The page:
BANGKOK, 12 May 2022:
At the Ban Bang Khae care home in Bangkok, a group of older women — many of them wheelchair users — are guided through their morning stretching exercises by caregivers.
The city-run nursing home provides care for elderly, impoverished women who don’t have a home to call their own, and no family members who are able to take care of them.
“I don’t have children, my husband died and I used to work as a tailor. I don’t have any relatives so I have to live here,” says Aom, whose real name was withheld by the centre for privacy reasons.
Another, who is known as Grandmother Lek, says: “I have children but I understand they have to work and have no time to take care of me. So they leave me here. I understand.
“Don’t leave your mother. Please take care of her very well,” she adds.
Thailand has developed rapidly over the past four decades, growing into an upper-middle income country in a single generation as millions of people were lifted out of poverty.
But that massive development and increased wealth — Thailand’s economy grew 7.5% annually between 1960 and 1996, according to the World Bank — has also resulted in a rapidly aging population.
In 2016, 11% of the Thai population — approximately 7.5 million people — were 65 years or older, more than double the rate in 1995. By 2040, projections predict that 17 million Thais — more than a quarter of the population — will be over the age of 65.
Traditionally, families in Thailand are large, and it is common for three generations to live under one roof. But urbanisation and the changing socio-economic landscape in the Southeast Asian nation have seen living arrangements shift, with more families now living in smaller households.
Ban Bang Khae says they have noticed a 20% decline in the number of older people living with their children over the past two decades as more seniors turn to nursing homes in their later years.
But for many older people who are still in good shape, living out their days at a care home is not on the top of their bucket list.
“I don’t want to stay home and do nothing,” says Chingchai Charnvit, a 67-year-old former banker.
He works at the customer service desk at a Lotus supermarket. Chingchai was hired under the 60 Young Jaew (‘60 Stay Cool’) initiative, a collaborative project between the retail giant and the Labour Ministry to employ retirees.
Nearly 1,000 retirees around the country have been employed under the programme, which is designed to plug gaps in the labour market caused by a long-term shortage of young workers — many of whom are increasingly working in more qualified fields — and declining birth rates.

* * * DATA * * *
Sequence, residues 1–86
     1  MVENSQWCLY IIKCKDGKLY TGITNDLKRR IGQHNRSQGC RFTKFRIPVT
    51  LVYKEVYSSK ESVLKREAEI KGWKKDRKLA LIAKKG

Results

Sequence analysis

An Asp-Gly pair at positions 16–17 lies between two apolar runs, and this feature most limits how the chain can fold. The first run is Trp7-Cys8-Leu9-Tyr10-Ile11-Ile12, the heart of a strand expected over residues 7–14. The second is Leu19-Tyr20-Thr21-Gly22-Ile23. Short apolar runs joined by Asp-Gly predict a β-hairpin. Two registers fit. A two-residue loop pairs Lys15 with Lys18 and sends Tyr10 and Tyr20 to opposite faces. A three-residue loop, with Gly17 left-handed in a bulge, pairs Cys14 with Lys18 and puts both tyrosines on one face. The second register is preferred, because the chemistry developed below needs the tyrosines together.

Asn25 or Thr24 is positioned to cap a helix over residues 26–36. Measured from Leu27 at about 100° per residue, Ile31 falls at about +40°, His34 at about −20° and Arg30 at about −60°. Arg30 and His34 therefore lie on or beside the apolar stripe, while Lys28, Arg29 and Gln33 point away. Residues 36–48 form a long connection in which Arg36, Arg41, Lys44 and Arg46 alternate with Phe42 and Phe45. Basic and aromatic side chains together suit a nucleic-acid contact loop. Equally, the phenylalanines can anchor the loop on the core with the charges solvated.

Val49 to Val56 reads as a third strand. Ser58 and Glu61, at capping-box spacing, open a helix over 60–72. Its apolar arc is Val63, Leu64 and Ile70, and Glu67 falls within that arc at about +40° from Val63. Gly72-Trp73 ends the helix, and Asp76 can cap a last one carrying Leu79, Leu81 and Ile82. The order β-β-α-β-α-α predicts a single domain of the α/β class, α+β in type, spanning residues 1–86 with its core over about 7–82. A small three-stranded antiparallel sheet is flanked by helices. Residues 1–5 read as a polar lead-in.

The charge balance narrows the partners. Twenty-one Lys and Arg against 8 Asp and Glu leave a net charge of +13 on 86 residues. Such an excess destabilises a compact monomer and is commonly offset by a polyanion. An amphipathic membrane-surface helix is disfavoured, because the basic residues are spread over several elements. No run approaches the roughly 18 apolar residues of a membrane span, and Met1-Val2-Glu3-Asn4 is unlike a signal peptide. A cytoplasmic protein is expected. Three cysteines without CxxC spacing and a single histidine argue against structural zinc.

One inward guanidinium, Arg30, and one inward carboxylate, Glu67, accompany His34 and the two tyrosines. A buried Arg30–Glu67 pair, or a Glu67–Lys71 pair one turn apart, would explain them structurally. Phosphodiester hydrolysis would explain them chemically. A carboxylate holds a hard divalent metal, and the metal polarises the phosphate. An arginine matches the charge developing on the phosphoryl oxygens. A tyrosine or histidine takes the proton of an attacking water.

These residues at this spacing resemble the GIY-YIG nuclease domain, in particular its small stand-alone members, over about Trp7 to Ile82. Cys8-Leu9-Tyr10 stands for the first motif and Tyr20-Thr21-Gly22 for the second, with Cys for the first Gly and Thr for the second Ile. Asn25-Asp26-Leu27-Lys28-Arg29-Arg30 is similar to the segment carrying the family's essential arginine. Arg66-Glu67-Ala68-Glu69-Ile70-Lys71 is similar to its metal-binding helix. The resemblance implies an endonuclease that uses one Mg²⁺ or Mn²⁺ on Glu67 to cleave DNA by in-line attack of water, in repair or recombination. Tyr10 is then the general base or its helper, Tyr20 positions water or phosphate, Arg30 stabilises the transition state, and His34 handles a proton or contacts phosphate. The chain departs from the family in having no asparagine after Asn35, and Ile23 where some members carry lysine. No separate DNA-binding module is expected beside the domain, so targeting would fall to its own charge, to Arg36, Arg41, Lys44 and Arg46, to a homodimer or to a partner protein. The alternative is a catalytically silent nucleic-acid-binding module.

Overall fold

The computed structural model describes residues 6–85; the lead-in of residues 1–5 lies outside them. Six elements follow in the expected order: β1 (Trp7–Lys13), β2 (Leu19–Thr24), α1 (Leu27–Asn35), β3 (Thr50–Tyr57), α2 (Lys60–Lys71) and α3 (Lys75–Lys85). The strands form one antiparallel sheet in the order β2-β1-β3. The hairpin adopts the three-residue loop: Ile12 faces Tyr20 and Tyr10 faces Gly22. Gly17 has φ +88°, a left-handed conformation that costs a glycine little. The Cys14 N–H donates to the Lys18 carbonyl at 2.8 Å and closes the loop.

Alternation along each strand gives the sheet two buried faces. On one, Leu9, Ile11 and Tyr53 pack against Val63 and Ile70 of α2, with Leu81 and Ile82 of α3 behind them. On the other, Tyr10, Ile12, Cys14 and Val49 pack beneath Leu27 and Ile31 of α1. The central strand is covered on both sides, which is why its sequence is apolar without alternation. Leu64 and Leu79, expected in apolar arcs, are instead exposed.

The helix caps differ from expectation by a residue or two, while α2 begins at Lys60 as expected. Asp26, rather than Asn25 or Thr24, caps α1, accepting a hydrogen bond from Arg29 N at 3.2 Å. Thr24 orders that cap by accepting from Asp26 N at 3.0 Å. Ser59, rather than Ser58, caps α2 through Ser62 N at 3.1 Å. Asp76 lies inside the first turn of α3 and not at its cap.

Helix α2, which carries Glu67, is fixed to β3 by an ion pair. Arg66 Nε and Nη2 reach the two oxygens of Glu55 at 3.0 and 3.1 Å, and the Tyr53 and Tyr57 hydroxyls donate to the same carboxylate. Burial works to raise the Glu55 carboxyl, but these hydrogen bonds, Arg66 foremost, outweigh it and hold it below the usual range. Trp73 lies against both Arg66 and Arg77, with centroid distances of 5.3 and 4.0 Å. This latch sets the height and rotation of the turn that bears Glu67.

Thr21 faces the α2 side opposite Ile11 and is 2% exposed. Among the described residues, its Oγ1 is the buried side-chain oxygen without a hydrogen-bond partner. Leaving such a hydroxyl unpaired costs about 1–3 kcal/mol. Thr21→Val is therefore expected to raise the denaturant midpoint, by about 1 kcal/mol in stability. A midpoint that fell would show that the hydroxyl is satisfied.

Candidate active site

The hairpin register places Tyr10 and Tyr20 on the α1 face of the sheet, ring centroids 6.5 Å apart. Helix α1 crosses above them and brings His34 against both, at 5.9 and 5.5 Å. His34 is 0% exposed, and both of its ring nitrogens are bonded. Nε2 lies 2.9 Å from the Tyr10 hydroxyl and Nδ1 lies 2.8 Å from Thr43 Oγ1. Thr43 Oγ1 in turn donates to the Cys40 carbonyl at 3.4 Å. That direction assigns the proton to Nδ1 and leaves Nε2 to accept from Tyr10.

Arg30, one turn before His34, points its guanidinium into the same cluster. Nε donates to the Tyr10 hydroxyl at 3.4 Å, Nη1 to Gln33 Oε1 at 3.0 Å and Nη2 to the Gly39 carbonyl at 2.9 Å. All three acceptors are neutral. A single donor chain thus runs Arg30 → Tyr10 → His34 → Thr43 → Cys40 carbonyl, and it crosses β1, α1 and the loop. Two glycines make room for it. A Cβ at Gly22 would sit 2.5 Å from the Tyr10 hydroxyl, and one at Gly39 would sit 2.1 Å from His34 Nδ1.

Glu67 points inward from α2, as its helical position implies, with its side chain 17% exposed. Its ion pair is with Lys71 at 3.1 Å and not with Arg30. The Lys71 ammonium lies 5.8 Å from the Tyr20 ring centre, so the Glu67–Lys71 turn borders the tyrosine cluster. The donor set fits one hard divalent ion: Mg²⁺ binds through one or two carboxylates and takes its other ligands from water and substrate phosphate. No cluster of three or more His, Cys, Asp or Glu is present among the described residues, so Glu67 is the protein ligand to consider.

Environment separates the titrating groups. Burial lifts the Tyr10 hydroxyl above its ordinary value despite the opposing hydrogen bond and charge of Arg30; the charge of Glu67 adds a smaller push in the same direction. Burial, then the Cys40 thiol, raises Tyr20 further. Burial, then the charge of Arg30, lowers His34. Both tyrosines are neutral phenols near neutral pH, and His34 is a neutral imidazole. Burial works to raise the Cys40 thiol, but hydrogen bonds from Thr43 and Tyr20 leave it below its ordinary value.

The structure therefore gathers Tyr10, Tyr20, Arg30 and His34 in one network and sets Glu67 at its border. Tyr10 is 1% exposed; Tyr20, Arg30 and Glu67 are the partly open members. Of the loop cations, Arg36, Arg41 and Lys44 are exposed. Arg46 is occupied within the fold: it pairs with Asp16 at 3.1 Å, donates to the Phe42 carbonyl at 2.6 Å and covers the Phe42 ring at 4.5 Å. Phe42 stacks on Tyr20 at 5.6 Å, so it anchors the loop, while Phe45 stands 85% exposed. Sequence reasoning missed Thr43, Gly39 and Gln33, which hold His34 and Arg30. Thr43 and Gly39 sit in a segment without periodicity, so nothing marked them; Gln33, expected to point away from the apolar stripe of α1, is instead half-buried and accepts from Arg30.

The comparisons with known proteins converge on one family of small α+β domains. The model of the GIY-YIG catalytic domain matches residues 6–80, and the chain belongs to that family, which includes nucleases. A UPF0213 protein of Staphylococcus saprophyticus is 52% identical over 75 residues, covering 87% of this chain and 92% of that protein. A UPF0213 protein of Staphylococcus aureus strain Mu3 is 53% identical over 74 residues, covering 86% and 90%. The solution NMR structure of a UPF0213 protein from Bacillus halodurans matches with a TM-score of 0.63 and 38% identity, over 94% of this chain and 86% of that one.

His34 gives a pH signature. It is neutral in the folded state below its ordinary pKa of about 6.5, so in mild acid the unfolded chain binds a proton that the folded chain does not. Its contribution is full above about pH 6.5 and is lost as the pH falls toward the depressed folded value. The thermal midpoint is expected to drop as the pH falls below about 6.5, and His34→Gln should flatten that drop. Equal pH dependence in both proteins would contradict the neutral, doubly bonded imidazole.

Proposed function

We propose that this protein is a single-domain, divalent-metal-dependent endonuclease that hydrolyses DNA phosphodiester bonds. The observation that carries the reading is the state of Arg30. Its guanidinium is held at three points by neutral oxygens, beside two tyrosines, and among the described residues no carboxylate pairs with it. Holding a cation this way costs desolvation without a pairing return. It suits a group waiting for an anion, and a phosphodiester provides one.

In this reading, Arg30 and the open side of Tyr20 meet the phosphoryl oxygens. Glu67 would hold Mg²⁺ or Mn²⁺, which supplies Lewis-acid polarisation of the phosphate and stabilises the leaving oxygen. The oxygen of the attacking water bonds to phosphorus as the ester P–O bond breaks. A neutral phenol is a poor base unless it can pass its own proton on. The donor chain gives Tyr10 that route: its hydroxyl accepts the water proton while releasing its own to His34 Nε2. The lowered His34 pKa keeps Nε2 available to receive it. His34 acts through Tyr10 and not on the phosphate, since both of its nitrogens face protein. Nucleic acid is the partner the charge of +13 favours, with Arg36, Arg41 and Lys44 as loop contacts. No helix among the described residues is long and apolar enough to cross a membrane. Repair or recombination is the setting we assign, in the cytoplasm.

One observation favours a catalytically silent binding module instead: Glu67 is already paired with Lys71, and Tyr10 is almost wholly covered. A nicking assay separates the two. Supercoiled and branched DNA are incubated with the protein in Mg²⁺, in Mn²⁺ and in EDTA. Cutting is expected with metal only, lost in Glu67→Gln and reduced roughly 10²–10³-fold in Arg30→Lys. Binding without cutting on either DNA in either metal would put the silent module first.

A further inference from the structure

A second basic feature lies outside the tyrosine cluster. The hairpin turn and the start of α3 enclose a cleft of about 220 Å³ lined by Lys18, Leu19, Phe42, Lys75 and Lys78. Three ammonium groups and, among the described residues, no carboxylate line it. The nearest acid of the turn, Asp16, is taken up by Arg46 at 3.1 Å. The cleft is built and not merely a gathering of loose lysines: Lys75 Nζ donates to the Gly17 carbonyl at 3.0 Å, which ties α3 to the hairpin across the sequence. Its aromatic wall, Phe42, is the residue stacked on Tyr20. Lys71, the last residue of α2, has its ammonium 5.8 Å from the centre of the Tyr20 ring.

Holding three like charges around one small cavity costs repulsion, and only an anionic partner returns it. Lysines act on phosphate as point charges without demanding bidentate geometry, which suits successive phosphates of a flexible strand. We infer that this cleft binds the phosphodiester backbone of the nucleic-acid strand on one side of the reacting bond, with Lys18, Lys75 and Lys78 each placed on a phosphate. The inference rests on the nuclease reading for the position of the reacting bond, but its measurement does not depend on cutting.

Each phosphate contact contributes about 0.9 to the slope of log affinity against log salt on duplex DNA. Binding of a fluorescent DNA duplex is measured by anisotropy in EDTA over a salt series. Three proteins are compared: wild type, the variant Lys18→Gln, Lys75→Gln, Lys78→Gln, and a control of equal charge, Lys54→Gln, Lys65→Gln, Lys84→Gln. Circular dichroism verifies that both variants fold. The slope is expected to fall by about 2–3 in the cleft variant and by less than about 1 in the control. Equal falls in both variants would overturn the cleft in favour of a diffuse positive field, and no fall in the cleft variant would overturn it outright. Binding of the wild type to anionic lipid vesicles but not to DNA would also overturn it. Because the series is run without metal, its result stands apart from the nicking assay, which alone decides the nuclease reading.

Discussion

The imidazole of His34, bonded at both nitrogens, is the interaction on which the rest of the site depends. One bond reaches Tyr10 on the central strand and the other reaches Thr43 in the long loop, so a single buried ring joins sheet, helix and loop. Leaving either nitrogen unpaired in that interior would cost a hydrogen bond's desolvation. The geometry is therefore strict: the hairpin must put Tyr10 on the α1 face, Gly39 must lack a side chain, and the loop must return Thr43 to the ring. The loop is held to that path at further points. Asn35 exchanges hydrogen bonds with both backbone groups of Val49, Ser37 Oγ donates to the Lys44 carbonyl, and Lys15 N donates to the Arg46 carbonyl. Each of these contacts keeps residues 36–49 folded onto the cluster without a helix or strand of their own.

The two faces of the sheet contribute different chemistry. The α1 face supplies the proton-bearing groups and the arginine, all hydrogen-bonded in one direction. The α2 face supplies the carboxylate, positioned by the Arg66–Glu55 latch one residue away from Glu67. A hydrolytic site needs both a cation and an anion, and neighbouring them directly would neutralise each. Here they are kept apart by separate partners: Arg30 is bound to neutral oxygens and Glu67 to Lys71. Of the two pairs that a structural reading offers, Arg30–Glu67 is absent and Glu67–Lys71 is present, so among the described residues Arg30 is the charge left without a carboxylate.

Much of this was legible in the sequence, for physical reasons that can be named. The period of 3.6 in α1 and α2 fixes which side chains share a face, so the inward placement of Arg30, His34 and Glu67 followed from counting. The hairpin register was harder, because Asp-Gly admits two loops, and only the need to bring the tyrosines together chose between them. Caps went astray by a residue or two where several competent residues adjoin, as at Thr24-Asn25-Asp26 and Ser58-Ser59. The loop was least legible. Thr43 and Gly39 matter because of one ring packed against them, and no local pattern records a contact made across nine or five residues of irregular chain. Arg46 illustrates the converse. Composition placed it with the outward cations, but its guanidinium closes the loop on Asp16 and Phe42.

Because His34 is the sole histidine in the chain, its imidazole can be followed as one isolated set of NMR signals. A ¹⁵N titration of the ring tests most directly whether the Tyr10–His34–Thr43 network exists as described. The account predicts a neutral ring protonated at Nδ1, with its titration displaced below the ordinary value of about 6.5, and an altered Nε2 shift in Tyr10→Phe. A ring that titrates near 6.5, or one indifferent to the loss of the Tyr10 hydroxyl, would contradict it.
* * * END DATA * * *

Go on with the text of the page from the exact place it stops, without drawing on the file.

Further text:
“I’m glad to work here. My family supports this idea and I can have an income (during the Covid-19 pandemic). My children are grown up,” says Chingchai, who was hired part-time. “I have passion for this job, I work six hours a day and can use my working experience and ability.”
Rising living costs coupled with stagnant wages — a trend that has only worsened since the pandemic struck — means that most elderly people struggle to make ends meet.
An April 2022 survey by the Institute for Population and Social Research found that 99.3% of older citizens in Thailand rely on the government-provided living allowance.
Beyond financial difficulties and their declining physical health, some of the most common issues affecting older people are related to depression and loneliness.
To address these problems — that are often caused by a lack of activities and opportunities to continue contributing to society — a community school for senior citizens holds weekly sing-along and dance sessions.
Every Wednesday, nurses teach local seniors how to stay healthy, provide guidelines for light training regimes as well as meditation and other exercises to stimulate their minds.
Opened in 2015, the Senior Citizen School is Bangkok’s first learning centre geared to support healthy living for senior citizens.
“The activities here (consist of) health education with basic (physical) exercise with music for elderly people together with active learning and playing aimed to encourage them to lead good lives and prepare for a quality death,” says Pemonnaree Sootsuwan, who manages the school.
“I walk here every week for exercise,” says Bungorn Sachati, a 78-year-old resident and former hospital employee.
“This is good and fun. I live near here and I don’t have a family.”
TECH SAVVY SENIORS
In an increasingly digital world, seniors today often need help navigating modern technology just as much as they require physical or mental care.
Since it opened in 2000, the OPPY (Old People Playing Club) has run courses to teach seniors basic computer literacy and enable them to use new forms of technology.
“We teach (our students) basic knowledge of how to use a smartphone, tablet and applications for usage in their daily life,” says Suteera Chamlongsupalak, a teacher at OPPY.
The club’s oldest student is 94-year-old Yongyuth Napasab, who comes to learn how to use Canva, a photo and video editing program that he uses on his tablet to help him get the most out of social media — allowing him to stay connected with his family and friends, and even organise his birthday party when he turns 95.